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Cooker DP Switch location

Discussion in 'Electrics UK' started by Geraud, 17 Jul 2014.

  1. Geraud

    Geraud

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    Hi There

    Self building a kitchen dinner extension.

    Been searching the net for "AN" answer to the following question without real success.. (probably because its not black and white in the Regs...

    Can I put a cooker DP switch inside the adjacent base unit against the back wall (Base unit back will be extruded)?
    I am aware of all the common sense factors here... i just need to know if this is OK with the building Regs and if this is ok for a part P certification.

    Thank you for your help

    Kind Regards
    Geraud
     
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  3. pjcomp

    pjcomp

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    Whether it's allowed in the regs has been debated over and over down the years without any hard and fast conclusions that I've seen. Is it done? Yes, often.

    Can I suggest that if you're going to hide the Big Red Switch in a cupboard you put it near the front, rather than the back, so if anyone has to look for it they've got a better chance of finding it, and if you need it in a hurry you won't have to shift loads of pots and pans or out-of-date foodstuffs to find it!

    Personally I think they look perfectly all right on the wall above the worktops, neatly lined up with al lthe other sockets and switches.

    PJ
     
  4. Taylortwocities

    Taylortwocities

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    Has anybody yet found the regulation in BS7671 which states that cookers must have an isolator switch?
     
  5. EFLImpudence

    EFLImpudence

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    There is no requirement in the regulations for the switch at all.
    Consequently therefore there are no instructions for location.


    However, if you decide one is necessary for emergency switching then it makes sense to place it where it can be seen.
     
  6. ericmark

    ericmark

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    I suppose it would depend on the fan wattage in the oven! Only equipment which rotates needs an isolator 0.37 kW is the point where isolator is required and that would be rather a big fan.

    I think back in time there was a requirement as I seem to remember a stipulation as to how far to the side of the cooker the isolator should be so in the event of a fire it could be operated.

    My mother had a cooker with an eye level grill and all the controls were also eye level so with a fire one could not access the controls. Today my cooker has sensors which at a set temperature turn down the heat and as it increase turns it off so even without touching the controls it will turn its self off.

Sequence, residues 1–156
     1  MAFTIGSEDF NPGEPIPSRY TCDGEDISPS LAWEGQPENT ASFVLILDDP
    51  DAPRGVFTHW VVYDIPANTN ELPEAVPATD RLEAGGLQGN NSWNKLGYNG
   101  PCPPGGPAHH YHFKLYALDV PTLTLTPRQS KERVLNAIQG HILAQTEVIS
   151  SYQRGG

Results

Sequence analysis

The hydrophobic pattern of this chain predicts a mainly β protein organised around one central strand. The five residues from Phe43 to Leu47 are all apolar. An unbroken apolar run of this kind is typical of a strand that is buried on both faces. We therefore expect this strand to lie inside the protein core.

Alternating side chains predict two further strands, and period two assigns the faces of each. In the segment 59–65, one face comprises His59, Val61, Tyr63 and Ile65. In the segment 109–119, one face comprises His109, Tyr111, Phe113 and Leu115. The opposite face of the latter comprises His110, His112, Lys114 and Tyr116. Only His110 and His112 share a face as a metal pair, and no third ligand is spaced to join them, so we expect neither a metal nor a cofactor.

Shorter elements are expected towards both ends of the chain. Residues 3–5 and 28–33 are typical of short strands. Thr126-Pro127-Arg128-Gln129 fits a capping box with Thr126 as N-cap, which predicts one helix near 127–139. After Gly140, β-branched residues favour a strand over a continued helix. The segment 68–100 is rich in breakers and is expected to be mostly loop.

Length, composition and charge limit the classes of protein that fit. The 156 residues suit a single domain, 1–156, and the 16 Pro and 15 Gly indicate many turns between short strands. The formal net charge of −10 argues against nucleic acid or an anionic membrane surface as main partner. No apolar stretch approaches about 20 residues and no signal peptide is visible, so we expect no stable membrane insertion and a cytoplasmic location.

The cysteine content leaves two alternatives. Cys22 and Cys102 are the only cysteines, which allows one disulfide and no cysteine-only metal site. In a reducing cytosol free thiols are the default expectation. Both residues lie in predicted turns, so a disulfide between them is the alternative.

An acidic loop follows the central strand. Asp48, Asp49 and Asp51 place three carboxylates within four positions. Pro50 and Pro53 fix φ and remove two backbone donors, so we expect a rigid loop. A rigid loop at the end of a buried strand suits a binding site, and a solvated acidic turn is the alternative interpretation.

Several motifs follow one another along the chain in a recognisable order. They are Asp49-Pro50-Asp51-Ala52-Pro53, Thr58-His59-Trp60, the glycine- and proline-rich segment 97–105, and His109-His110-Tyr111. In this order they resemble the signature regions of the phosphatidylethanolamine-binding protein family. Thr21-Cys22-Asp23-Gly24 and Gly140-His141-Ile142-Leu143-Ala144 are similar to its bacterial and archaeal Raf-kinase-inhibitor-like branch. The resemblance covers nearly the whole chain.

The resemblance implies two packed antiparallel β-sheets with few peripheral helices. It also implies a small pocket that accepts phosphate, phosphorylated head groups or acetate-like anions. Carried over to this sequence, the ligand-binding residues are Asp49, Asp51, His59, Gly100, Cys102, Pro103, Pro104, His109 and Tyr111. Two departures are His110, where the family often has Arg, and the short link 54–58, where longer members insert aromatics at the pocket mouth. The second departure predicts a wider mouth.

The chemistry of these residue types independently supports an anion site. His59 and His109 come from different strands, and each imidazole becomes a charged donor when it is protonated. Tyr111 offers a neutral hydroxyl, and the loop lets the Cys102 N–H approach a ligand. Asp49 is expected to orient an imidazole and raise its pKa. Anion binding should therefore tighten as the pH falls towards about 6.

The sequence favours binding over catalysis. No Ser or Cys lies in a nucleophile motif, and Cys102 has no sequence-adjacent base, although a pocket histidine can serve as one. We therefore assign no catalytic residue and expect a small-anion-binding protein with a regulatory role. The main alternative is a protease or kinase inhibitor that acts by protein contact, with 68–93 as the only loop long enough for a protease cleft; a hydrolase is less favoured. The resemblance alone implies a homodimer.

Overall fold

The same applies to simple things like removing the pan cooker auto turns off.

    To have same rules for an antiquated cooker as for a modern cooker does not really make sense so it is left to common sense. So if you need to run outside and turn off the gas valve to isolate a gas cooker why should you not have to do the same for an electric cooker which is 100% safer to start with?
     
  7. JohnW2

    JohnW2

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    As EFLI has said, I do not believe that there is one (for cookers or anything else).

    However, people sometimes cite the OSG, 5.1.1(iii) of which (at least in my red OSG) says "Means of isolation shall be provided .... for every item of equipment" - although it's unclear as to whether that means 'separately for each item of equipment' or 'near the equipment', nor whether the MCB or Main Switch in a CU would satisfy this requirement. It cites 537.2.1.2 of the regs, which merely says Suitable means shall be provided to prevent any equipment from being inadvertently or unintentionally energised". Whatever, none of that (apart from 537.2.1.2) is 'regulations', anyway.

    Kind Regards, John
     
  8. Geraud

    Geraud

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    Thank you all for the quick replies!

    I will put a switch but it will go in the base unit.
    i shall take on board the advise to put it near the door rather than at the back on the wall.

    Cheers

    G.
     
  9. DIYnot Local

    DIYnot Local

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    If you need to find a tradesperson to get your job done, please try our local search below, or if you are doing it yourself you can find suppliers local to you.

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